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Int J Eat Disord. 1995 Apr;17(3):263-75.

Psychological correlates of weight fluctuation.

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Department of Medicine, Baylor College of Medicine, Houston, TX, USA.


This investigation attempted to determine psychological correlates of weight fluctuation in a sample of 497 normal weight and obese adults who were enrolled in a prospective, natural history study. Subjects were stratified by gender, obesity, and age and classified as weight maintainers, gainers, or losers based on their changes in weight over a 1-year period. Subjects were further classified as either weight fluctuators or nonfluctuators based on historical self-report. Nonfluctuators reported significantly higher general well-being, greater eating self-efficacy, and lower stress than weight fluctuators, regardless of body weight. Weight maintainers had more favorable eating self-efficacy related to negative affect than weight gainers. Results suggest that weight fluctuation is strongly associated with negative psychological attributes in both normal weight and obese individuals. Future research should focus on the assessment and treatment of weight fluctuation and on weight maintenance, irrespective of weight status.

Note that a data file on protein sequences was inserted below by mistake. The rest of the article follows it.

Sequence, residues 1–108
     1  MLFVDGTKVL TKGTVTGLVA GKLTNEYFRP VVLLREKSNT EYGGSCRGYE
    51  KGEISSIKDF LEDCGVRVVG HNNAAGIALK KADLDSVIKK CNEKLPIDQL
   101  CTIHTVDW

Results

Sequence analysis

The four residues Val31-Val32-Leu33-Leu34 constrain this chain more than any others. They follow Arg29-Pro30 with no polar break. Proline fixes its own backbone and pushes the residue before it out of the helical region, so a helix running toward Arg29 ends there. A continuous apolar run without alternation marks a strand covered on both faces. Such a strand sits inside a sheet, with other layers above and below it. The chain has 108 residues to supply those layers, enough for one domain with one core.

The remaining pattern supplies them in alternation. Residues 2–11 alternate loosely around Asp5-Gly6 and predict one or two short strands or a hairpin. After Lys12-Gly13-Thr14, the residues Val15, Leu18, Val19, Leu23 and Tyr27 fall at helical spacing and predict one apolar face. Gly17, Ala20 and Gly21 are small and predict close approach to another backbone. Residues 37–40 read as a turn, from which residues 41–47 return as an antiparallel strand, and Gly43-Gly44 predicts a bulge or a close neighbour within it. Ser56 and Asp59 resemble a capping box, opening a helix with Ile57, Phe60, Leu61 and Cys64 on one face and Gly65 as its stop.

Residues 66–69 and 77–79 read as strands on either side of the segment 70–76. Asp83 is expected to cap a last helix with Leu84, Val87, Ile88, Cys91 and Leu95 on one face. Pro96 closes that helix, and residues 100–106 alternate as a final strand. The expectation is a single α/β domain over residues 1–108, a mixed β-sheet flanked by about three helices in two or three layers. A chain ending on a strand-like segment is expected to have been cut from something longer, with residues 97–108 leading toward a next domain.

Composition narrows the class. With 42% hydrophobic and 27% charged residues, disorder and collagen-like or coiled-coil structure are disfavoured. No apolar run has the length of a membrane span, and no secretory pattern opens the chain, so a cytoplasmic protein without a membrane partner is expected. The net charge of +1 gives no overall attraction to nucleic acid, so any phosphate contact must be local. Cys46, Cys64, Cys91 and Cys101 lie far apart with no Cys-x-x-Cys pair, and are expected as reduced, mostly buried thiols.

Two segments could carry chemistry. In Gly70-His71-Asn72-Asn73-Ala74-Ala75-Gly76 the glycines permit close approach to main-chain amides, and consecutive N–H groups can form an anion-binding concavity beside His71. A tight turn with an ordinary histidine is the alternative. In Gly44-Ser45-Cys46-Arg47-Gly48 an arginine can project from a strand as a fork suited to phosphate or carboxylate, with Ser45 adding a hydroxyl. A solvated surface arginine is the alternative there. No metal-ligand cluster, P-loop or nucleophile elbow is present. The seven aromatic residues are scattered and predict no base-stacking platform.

[Indexed for MEDLINE]

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